[soundcloud url=”http://api.soundcloud.com/tracks/44402238″ iframe=”true” /]

Watch Silver perform an arresting version of the song below (courtesy of Yours Truly).

Yourstru.ly Presents: CFCF – September from Yours Truly on Vimeo.

Hot Jam of the Day (05.04.12): 2:54, “Creeping”

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2:54
“Creeping”
2:54 (Fat Possum)

From one excellent guitar-driven band to another, the debut full-length from the moody duo of Colette and Hannah Thurlow is just a few short weeks away and looks to be a corker. Hypnotic, expansive, and full of hooks, “Creeping” is a perfect example of what has made them one of the most talked about groups both in their native UK and stateside. Since they hit the scene with their debut EP, 2011’s mesmeric Scarlet, the group has shown that they possess a melodic maturity and guile that belies their youth. Though they don’t really sound like the XX, the similarities are very apparent, and I wouldn’t be surprised if they broke through in a similar fashion in the second half of 2012. Roll on May 28.

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Watch the group’s video for “Scarlet.”

Hot Jam of the Day (04.30.12): Sigur Ros, “Varuo” (Radio Edit)

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Sigur Rós
“Varúð” (Radio Edit)
Valtari (XL)

Fresh off the heels of “Ekki Múkk,” the predictably stunning lead single from the group’s sixth LP Valtari, the Icelanders return with a fresh new slab of expansive, etherial magic. Though “Varúð” jives very well with their signature, crescendo-heavy sound, like “Ekki Múkk,” it is a slightly more stripped down version of the Sigur Rós we all know and fell so hopelessly in love with years ago. Vocalist Jón “Jónsi” Þór Birgisson’s falsetto is as evocative as ever and is perfectly framed by a typically celestial, dramatic melody. Valtari was always going to be one of Thunder Penguin’s most anticipated albums of 2011, but if the rest of it lives up to its first two singles, it’s also going to be one of the best.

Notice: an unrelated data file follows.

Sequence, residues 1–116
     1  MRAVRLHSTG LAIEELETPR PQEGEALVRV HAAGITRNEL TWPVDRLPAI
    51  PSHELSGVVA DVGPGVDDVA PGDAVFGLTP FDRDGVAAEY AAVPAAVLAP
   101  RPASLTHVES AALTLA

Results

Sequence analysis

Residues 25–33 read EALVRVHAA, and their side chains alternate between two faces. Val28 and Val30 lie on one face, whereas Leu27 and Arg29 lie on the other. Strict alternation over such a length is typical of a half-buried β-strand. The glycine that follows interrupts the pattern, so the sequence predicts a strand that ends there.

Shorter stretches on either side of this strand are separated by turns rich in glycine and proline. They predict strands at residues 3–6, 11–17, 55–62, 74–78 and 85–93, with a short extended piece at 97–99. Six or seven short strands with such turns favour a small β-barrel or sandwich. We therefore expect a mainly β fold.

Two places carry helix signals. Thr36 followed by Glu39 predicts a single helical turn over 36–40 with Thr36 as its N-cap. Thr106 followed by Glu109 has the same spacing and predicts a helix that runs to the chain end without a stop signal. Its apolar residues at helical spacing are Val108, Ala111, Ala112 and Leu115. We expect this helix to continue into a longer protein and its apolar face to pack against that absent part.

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Check out the visuals for “Ekki Múkk.”

Download This Shit: Kool A.D. (of Das Racist), 51

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Brooklyn indie hip-hop collective Das Racist has kept itself busy this year. Alongside the release of their first properly released full-length, 2011’s Relax, both of the group’s rapping members (Himanshu “Heems” Suri & Victor “Kool A.D.” Vazquez) have already released solo mixtapes in 2012. While both were uneven affairs, 51 (A.D.’s second of the year) is a surprisingly engaging effort that highlights Vazquez’s hyper-eclectic flow, versatile musical taste, and winning personality. Because they are such a Brooklyn group, it’s easy to forget that Vazquez is from the Bay Area, and 51 sees the MC embracing those roots with some dope cameos from some of the Bay’s leading lights, including Main Attrakionz, Amaze 88, Trackademicks, and legendary (in these parts) Coup frontman Boots Riley. Like a lot of mixtapes, it’s a little long, but Vazquez laid-back, electric flow makes sure that it doesn’t drag. This is possibly the best thing from the Das Racist camp since its brilliant 2010 mixtapes.

Download it for free, here.

Concert Review: Frankie Rose Live at the Brick and Mortar, SF

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This review originally appeared in the San Francisco Bay Guardian, you can read the original here.

Live Review:
Frankie Rose w/ Dive
The Brick and Mortar Hall, San Francisco
April 21

In case you hadn’t noticed, Frankie Rose’s got the Internet goin’ nutz. The 33 year-old has served time in two super buzzy groups of girls (Dum Dum & Vivian) and NYC critical darlings the Crystal Stilts and is about to kick off a tour with Real Estate.